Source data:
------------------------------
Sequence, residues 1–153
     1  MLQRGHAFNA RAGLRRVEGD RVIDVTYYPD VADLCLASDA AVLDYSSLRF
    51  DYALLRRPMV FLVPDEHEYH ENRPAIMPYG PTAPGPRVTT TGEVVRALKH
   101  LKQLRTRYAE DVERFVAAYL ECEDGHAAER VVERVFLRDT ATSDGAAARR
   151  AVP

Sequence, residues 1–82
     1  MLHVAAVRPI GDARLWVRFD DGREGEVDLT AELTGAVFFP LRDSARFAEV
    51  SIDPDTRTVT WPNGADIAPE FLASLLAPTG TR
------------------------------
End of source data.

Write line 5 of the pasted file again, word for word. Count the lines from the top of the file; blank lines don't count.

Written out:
   151  AVP